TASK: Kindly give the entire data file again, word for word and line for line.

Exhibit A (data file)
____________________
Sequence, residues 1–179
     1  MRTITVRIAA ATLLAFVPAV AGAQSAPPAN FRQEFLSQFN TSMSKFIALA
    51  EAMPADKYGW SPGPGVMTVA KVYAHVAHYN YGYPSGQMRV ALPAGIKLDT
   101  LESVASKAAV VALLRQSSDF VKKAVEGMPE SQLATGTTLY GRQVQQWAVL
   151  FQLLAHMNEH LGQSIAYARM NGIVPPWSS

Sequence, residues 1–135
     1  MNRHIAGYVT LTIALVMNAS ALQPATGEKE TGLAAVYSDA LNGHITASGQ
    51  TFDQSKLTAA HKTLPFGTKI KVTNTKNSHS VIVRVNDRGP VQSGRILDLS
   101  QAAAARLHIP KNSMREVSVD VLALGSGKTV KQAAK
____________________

Sequence, residues 1–179
     1  MRTITVRIAA ATLLAFVPAV AGAQSAPPAN FRQEFLSQFN TSMSKFIALA
    51  EAMPADKYGW SPGPGVMTVA KVYAHVAHYN YGYPSGQMRV ALPAGIKLDT
   101  LESVASKAAV VALLRQSSDF VKKAVEGMPE SQLATGTTLY GRQVQQWAVL
   151  FQLLAHMNEH LGQSIAYARM NGIVPPWSS

Sequence, residues 1–135
     1  MNRHIAGYVT LTIALVMNAS ALQPATGEKE TGLAAVYSDA LNGHITASGQ
    51  TFDQSKLTAA HKTLPFGTKI KVTNTKNSHS VIVRVNDRGP VQSGRILDLS
   101  QAAAARLHIP KNSMREVSVD VLALGSGKTV KQAAK